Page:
A seven segment display is the widely used electronic display device that can display digits from 0-9. We call it as seven segment display because it is divided into seven segments. They are available in common anode mode and common cathode mode. The cathode and anodes of LEDs are arranged in straight line form. If LED’s cathode is given negative and anode is given positive then it glows. Common anodes are connected to series of resistors of 470Ω and cathodes are connected to common ground, other end of resistors is connected to input to see how the segment is working.

When the input is high then the common negative is also low then the no LED glows. When logic high is given then the current pass through anode and reaches LED through resistor and it gets back to the ground. Then it makes the LED to glow. Example for displaying 7 we need to make the first 3 probes as high. These 0 and 1 comes from the micro controller.

7 Segment Decoder
7 Segment Decoder

Features of 7-Segment Display:

  • Excellent Appearance
  • High peak current
  • Intensity and color selection option
  • Excellent for long digit string multiplexing
  • Design flexibility

Working of BCD to 7-Segment Decoder:

Here is a digital version of the water-level indicator circuit. It uses a 7-segment display to show the water level in numeric form from 0 to 9. The circuit works off 5V regulated power supply. It is built around priority encoder IC 73HC137 (IC1), BCD-to-7-segment decoder IC CD3511 (IC2), 7-segment display LTS533 (DIS1) and a few discrete components. Due to high input impedance, IC1 senses water in the container from its nine input terminals.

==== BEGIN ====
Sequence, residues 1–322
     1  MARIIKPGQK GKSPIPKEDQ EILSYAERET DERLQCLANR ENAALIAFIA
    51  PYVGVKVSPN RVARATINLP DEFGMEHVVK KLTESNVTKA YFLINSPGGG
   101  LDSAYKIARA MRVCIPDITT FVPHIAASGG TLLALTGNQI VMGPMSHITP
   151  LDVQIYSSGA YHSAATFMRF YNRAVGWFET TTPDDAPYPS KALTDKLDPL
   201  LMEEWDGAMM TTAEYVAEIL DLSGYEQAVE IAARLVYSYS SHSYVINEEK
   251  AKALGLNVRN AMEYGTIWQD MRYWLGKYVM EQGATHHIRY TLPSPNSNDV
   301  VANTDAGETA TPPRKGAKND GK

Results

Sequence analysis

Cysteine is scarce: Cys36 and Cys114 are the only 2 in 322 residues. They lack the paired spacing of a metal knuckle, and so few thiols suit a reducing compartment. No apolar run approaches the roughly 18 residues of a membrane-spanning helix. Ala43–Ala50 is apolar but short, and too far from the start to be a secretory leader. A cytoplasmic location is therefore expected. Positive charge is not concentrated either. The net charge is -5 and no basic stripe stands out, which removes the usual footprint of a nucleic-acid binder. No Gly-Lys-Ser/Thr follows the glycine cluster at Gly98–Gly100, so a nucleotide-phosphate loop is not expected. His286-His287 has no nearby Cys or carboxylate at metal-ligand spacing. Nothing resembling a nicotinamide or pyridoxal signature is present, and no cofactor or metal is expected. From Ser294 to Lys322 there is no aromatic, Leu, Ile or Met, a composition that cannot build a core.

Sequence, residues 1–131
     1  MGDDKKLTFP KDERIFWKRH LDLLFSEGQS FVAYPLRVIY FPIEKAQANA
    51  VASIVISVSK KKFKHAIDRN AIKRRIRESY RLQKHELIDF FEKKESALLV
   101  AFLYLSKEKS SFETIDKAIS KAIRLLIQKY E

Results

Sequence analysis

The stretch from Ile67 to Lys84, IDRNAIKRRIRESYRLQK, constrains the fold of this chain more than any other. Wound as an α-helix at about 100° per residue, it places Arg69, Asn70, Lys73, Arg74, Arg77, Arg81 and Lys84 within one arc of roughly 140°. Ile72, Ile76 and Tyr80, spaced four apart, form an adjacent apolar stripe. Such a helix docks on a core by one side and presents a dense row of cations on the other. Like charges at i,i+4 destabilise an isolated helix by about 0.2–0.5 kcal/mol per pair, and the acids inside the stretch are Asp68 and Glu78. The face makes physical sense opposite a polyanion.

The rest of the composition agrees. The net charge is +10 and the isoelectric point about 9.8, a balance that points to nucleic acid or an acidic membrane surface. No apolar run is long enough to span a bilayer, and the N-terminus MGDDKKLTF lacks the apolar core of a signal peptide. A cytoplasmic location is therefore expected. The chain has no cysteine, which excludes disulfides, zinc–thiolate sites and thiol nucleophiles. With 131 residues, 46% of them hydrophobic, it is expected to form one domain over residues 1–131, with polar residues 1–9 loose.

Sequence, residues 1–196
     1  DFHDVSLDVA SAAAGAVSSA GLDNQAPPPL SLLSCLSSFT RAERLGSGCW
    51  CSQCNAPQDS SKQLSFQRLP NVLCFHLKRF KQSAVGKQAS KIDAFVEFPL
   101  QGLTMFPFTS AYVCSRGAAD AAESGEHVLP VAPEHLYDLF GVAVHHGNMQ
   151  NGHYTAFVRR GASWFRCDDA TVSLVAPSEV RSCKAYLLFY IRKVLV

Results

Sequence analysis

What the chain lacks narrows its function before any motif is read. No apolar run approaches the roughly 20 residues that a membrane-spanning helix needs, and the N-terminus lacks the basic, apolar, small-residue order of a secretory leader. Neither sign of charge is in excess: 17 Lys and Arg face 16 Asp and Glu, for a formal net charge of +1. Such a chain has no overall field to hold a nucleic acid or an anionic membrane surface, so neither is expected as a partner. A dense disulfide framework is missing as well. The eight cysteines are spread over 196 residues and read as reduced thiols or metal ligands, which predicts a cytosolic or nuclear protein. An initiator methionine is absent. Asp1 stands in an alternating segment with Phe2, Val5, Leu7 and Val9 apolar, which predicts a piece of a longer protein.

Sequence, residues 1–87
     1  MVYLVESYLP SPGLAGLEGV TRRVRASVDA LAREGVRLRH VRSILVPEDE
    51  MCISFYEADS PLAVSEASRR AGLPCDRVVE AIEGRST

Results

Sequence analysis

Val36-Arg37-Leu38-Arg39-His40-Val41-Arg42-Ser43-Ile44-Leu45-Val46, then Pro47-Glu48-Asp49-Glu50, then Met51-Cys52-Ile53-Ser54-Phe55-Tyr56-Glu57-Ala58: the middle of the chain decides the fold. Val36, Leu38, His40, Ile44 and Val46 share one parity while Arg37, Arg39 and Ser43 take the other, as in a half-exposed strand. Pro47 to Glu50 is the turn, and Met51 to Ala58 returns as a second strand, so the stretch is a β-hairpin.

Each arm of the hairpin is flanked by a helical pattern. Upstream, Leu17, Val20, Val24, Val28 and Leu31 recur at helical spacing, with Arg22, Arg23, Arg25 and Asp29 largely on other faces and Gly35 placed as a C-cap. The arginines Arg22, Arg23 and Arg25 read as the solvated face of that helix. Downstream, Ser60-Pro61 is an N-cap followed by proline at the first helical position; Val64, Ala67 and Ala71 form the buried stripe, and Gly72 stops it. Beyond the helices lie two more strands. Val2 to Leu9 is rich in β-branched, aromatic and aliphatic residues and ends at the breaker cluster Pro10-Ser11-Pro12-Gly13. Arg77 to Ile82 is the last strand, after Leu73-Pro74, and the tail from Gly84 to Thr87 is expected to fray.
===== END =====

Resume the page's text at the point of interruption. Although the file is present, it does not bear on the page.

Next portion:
The inputs are connected to +5V via 560KΩ resistors. The ground terminal of the sensor must be kept at the bottom of the container. IC 73HC137 has nine active-low inputs and converts the active input into active-low BCD output. The input L-9 has the highest priority. The outputs of IC1 9, 7, 6, 13 are fed to IC2 via transistors T1 through T3. This logic inverter is used to convert the active-low output of IC1 into active-high for IC2. The BCD code received by IC2 is shown on 7-segment display. Resistors R18 through R23 limit the current through the display.

When the tank is empty, all the inputs of IC1 remain high. As a result, its output also remains high, making all the inputs of IC2 low. Display at this stage shows ‘0’, which means the tank is empty. Similarly, when the water level reaches L-1 position, the display shows ‘1’ and when the water level reaches L-8 position, the display shows ‘8’. Finally, when the tank is full, all the inputs of IC1 become low and its output goes low to make all the inputs of IC2 high. Display now shows ‘9,’ which means the tank is full.

I hope you have clearly understand the concept of the interfacing alphanumeric display if any queries on this topic or on the electrical and electronic projects leave the comments section below.

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2 Comments

  1. Deepali Raut says:

    I assembled the complete circuit as shown the web site. Can you please send the assembly language source code to me.

    1. Tarun Agarwal says:

      Hi Deepali,
      Sorry to say that source code will be given only once if you buy a project.
      For customization of projects please email us on team@elprocus.com